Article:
Wednesday, June 16, 2010

The Movement Grows

Our leadership has not yet stepped up to the plate with respect to the changing climate and the necessary broad actions that have to take place quickly in order to drastically cut carbon output and reverse the effects of pollution and energy consumption. Our global carbon benchmark is 350 ppm, and we're at 392. This is based upon extensive research and observation, and has become the critical issue for our time. Oil and coal have proven to be disastrous, poisonous energy sources, and the change needs to be swift. Instead, industries in California have come up with so-called "green" regulations like SB 375 that create immense new loads of carbon by requiring unprecedented growth in housing and new buildings. The very things that created this horrific climate situation to begin with.

A policy report issued by the Lincoln Institute outlines the need for an immediate, large-scale movement to change the use of fossil fuels for clean technologies and low-impact lifestyles. Climate change in the West, especially, is anticipated to be severe, to the point where it threatens livability, water availability and will result in major habitat destruction.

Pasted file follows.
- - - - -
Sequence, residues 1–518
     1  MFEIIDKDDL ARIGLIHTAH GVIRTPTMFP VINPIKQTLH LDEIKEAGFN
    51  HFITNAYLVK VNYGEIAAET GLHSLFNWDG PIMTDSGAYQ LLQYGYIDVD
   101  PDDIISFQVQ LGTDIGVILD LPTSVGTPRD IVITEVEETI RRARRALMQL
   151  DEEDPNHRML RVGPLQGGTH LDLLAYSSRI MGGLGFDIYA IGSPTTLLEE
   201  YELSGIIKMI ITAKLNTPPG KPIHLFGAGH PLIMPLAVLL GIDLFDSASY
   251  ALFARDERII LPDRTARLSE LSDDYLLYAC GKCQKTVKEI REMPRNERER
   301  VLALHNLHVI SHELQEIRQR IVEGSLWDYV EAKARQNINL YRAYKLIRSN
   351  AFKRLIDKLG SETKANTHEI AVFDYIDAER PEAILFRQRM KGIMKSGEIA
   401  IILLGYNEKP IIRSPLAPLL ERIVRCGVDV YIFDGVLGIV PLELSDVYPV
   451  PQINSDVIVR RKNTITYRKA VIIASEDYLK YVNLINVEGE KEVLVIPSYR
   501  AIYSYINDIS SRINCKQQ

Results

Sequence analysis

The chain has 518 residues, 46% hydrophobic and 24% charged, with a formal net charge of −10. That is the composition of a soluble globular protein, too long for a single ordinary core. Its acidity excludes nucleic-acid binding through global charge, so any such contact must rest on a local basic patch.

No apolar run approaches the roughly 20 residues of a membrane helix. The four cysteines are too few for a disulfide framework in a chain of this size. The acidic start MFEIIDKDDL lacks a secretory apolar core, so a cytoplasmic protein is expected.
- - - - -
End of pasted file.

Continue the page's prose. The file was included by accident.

The report asks planners and public policy bodies to change rapidly:

* Mobilize the political will.
* Recognize local action and citizen participation.
* Identify resources and a variety of options.
* Adapt climate science to local planning needs.

The more radical and viral parts of the environmental reform movement have been vociferous for a decade now, leading up to a viral campaign last September that recalls the start of other historic movements. The activism and public outcry right now over the BP oil disaster in the Gulf of Mexico is clearly creating an urgency that fuels this reaction and calls for rapid public implementation of carbon-mitigation measures.

This will affect our economic, social and global resource systems in a drastic way. But that's far better than leaving a smoldering ruin for the next generation by hanging on to old destructive industries.